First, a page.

The Kidney: An important target for HIV infection.

HIV-infected patients may present with a variety of patterns of renal involvement. Acute renal failure is common and most often a result of sepsis, hypotension and nephrotoxic agents. It is potentially avoidable, and support through the period of renal failure may lead to resolution of the renal dysfunction. HIV-associated nephropathy is a unique pattern of sclerosing glomerulopathy that ranges in prevalence form 1 to 10 per cent of the HIV infected population in different geographic locales. This complication of HIV infection will likely present a growing challenge to the medical community as HIV infection continues to spread worldwide. Deciphering the pathogenitic mechanisms of this most rapidly progressive form of focal segmental glomerulosclerosis is not only clinically relevant, but will hopefully provide valuable insights into the medication of the more common idiopathic form of the disease. The potential for improved renal survival of patients with HIV-associated nephropathy ahs become more realistic with the development and the use of antiretroviral agents, as well as studies on the role of immunosuppression and Angiotensin Converting Enzyme (ACE) inhibition in this population.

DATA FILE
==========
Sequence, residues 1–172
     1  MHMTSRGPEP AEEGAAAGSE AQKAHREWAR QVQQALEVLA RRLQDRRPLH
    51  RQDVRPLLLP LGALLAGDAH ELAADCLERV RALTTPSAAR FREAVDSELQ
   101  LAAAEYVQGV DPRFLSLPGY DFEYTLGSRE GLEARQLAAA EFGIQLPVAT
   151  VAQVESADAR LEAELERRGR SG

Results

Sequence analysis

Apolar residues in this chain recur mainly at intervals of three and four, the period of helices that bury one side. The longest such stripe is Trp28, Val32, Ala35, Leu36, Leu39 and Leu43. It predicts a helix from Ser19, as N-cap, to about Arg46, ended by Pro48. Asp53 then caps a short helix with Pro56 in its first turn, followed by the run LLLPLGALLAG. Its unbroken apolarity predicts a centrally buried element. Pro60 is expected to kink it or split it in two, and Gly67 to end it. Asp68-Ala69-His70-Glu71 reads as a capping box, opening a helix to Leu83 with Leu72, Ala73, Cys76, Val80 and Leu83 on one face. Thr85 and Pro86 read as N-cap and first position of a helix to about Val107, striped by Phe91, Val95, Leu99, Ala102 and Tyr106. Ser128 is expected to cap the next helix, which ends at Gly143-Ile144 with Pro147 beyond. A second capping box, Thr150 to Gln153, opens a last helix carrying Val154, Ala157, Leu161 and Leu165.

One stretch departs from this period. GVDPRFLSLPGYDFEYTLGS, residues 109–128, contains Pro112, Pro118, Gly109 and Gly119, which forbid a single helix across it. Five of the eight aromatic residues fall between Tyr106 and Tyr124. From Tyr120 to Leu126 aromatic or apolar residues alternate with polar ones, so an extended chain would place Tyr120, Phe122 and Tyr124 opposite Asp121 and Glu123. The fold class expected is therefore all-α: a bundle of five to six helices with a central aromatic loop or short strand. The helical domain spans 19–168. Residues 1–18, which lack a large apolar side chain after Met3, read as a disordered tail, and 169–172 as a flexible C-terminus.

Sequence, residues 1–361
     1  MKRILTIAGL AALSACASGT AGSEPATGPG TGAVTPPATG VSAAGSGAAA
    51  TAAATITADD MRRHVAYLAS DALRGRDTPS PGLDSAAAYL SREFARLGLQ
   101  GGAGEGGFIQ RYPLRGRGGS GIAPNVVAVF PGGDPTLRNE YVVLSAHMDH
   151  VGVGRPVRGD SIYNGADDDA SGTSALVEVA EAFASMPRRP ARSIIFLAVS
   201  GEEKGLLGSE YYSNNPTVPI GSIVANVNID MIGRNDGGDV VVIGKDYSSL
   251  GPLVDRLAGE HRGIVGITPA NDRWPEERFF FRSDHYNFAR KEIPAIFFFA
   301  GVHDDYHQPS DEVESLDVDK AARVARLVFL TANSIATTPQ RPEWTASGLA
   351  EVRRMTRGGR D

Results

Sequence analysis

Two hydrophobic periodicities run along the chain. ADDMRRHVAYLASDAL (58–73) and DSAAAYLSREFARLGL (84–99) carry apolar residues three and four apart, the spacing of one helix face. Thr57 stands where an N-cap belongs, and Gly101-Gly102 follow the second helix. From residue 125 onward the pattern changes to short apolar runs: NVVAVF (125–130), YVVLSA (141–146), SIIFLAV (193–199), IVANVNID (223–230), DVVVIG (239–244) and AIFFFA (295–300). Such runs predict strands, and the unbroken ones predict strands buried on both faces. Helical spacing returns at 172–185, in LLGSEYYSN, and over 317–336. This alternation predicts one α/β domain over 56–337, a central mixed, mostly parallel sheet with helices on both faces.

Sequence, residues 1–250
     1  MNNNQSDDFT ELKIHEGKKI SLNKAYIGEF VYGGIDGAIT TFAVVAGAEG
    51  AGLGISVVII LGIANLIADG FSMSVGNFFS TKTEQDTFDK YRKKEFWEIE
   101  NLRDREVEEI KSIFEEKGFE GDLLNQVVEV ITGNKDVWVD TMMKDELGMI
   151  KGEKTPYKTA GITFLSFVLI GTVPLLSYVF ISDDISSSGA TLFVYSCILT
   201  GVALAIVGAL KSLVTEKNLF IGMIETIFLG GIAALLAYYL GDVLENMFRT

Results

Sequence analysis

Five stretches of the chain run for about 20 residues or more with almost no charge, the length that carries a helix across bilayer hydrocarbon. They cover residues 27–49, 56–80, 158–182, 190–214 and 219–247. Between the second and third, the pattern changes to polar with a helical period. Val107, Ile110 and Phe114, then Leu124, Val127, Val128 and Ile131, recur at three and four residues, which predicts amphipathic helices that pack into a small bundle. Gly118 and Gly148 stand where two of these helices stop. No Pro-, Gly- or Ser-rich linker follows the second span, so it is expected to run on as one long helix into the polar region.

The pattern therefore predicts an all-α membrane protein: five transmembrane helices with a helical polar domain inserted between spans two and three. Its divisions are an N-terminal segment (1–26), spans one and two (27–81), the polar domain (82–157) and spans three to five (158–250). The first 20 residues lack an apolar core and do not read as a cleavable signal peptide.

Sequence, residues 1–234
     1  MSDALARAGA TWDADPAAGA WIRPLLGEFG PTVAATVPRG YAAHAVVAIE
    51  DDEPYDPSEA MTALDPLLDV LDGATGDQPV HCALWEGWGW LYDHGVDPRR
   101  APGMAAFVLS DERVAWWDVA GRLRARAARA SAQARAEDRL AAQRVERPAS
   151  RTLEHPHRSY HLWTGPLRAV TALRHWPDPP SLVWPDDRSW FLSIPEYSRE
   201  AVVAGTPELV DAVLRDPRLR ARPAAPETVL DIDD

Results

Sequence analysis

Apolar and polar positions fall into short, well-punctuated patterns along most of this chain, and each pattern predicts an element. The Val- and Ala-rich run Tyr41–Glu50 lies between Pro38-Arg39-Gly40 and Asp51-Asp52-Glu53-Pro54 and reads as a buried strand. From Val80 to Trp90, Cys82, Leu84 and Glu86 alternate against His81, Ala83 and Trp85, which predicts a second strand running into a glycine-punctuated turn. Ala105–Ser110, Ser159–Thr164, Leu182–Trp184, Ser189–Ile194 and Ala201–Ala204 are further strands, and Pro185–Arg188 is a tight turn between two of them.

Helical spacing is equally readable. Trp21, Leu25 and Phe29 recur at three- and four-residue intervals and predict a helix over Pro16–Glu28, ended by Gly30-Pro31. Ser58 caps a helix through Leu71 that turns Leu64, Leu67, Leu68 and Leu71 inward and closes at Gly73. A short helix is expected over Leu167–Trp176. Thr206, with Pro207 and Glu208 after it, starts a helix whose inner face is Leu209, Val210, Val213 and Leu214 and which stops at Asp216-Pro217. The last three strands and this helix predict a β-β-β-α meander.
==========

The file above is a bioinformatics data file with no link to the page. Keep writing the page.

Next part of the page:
AuthorsS O Mc'ligeyo
JournalAfrican journal of health sciences (Afr J Health Sci) Vol. 5 Issue 1-2 Pg. 63-6 ( 1998) ISSN: 1022-9272 [Print] Kenya
PMID17580996 (Publication Type: Journal Article)

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